A Ukrainian national was arrested last week in Seattle for his alleged involvement in hacking operations run by FIN7, a syndicate known for stealing approximately $1 billion from its victims in the United States.
According to court documents obtained by CyberScoop, Denys Iarmak has been charged with conspiracy to commit computer hacking, accessing a protected computer to commit fraud, intentional damage to a protected computer, access device fraud, conspiracy to commit wire and bank fraud, wire fraud, and aggravated identity theft.
The arrest is a significant move against financially motivated FIN7, which has targeted the hospitality and gaming industries in the last several years. FIN7 has gone after restaurants including Chipotle, Red Robin, Taco John, as well as a credit union and a casino.
According to the court documents, Iarmak was part of a scheme where operators allegedly ran spearphishing campaigns to gain unauthorized access to victim computers, deploy malware, conduct surveillance, and steal credentials, credit and debit cards, and other personally identifiable information.
On multiple occasions, Iarmak allegedly provided other members of FIN7 with information that was stolen from victim companies, the indictment says. Iarmak also had access to dozens of folders containing information about victims through JIRA, a software project management portal FIN7 is known to use to manage its schemes.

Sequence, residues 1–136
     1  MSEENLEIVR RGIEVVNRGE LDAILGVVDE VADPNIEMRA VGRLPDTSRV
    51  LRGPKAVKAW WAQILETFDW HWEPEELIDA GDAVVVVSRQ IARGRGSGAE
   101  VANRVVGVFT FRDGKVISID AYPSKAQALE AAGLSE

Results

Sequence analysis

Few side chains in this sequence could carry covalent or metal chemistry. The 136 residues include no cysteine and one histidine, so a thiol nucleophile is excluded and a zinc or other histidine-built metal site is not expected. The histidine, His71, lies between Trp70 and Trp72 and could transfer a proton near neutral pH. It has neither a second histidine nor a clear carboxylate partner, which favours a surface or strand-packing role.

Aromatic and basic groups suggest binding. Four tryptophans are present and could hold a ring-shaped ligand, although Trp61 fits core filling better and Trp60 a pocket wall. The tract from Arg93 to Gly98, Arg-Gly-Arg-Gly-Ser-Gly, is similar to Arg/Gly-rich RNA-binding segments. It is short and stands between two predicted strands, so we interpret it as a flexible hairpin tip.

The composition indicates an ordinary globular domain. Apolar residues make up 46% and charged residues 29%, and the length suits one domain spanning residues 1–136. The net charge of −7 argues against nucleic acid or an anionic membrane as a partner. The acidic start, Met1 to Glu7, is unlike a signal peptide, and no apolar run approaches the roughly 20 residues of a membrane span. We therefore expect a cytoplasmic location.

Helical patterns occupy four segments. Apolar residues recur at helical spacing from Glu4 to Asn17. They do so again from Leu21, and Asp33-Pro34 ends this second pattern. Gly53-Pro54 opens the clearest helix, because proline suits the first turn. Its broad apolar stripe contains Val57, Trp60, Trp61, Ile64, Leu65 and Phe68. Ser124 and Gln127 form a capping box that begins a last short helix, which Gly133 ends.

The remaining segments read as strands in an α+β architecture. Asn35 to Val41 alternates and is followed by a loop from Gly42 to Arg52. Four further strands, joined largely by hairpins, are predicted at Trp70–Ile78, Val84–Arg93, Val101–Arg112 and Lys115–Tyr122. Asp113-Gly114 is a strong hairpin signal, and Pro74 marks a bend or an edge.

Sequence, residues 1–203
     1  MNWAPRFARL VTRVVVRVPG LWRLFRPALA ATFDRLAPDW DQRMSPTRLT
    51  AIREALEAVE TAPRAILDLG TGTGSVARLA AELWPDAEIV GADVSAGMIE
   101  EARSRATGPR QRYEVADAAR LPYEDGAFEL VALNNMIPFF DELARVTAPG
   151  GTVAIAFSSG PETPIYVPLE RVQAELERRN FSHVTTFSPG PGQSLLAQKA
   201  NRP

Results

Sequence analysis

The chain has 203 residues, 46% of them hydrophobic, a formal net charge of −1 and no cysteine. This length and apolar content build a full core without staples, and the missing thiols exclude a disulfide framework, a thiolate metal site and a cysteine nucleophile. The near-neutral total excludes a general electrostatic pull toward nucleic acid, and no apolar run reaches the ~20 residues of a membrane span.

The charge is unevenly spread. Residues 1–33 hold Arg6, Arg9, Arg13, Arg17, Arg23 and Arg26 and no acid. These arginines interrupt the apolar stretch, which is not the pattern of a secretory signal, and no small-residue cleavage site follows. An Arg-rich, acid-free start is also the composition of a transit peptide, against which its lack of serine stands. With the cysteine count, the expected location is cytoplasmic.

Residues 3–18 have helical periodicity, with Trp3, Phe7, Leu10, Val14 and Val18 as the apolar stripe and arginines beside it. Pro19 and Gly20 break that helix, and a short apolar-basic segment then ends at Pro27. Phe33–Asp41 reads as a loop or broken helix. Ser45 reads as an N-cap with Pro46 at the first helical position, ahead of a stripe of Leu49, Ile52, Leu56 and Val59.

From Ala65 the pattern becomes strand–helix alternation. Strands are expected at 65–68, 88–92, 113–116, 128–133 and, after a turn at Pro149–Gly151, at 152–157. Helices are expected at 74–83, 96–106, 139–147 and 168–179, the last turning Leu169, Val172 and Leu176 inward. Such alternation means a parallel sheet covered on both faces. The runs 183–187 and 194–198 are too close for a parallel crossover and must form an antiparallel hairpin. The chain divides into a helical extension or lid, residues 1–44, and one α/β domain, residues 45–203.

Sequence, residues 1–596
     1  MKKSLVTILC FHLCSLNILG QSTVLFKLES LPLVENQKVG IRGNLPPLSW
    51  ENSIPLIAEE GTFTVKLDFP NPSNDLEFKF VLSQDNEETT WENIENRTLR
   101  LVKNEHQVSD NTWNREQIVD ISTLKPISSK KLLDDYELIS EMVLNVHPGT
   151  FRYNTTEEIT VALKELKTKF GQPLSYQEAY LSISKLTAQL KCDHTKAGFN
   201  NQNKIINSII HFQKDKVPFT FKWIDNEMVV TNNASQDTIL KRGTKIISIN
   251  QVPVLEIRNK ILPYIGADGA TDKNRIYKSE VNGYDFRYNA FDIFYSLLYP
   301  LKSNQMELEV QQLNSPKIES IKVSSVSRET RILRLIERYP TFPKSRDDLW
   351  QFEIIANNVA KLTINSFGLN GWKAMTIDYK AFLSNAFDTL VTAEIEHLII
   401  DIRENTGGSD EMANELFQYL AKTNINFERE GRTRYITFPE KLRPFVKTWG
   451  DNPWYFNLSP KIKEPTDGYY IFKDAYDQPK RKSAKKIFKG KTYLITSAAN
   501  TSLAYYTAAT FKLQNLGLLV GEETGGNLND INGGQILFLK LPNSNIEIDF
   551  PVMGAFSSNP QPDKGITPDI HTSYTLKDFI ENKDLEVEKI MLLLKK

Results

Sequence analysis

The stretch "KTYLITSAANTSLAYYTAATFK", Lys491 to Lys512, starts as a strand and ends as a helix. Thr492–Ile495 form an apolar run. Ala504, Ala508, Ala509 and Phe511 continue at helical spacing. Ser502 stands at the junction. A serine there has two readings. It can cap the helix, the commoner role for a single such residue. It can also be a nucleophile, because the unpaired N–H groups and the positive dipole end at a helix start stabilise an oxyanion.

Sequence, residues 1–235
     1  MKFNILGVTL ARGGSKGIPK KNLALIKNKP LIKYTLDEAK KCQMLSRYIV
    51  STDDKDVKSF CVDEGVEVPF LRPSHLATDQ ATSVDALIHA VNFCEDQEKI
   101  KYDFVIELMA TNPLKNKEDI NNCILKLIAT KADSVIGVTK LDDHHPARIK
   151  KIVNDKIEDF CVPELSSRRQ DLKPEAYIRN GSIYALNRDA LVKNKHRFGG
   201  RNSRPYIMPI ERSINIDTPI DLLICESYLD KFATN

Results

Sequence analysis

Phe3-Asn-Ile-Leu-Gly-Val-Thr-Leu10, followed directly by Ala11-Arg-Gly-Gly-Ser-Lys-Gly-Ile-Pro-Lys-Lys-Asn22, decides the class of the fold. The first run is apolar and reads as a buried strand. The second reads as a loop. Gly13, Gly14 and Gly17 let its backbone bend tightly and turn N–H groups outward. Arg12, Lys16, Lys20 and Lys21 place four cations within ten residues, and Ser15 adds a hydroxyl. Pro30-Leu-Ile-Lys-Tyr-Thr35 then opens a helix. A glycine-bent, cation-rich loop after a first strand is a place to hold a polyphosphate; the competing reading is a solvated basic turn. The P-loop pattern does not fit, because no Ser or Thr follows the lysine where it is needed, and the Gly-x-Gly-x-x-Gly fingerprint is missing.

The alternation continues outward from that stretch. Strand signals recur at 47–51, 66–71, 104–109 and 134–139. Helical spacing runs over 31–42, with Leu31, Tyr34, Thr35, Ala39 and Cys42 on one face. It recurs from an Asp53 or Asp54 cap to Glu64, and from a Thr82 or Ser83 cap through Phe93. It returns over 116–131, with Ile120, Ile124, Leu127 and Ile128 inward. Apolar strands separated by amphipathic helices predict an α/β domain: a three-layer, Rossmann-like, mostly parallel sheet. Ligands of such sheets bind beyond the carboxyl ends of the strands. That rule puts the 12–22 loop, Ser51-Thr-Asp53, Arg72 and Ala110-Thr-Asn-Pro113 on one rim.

The arrest is part of an effort to take down the entire group. Last September, an accused administrator working for FIN7 pleaded guilty to hacking-related charges in Washington.
Despite the arrests, the group is still “extremely active,” according to the FBI special agent who wrote the criminal complaint.
“The hacking group continues to launch extensive phishing attacks and steal point-of-sale information from businesses such as fast food restaurants that process a large volume of point-of-sale transactions,” the complaint reads.
And although FIN7 is known for its targeting of the hospitality industry, the complaint says the group has recently expanded its operations to also victimize law firms. In recent weeks, the group has resorted to sending malware-filled USB drives to its victims via snail mail.
“Additional phishing campaigns also indicate that the hacking group has expanded its reach, and is now attacking victims such as law firms and other service providers with access to customer list or confidential financial information,” the complaint reads
You can read the indictment in full below: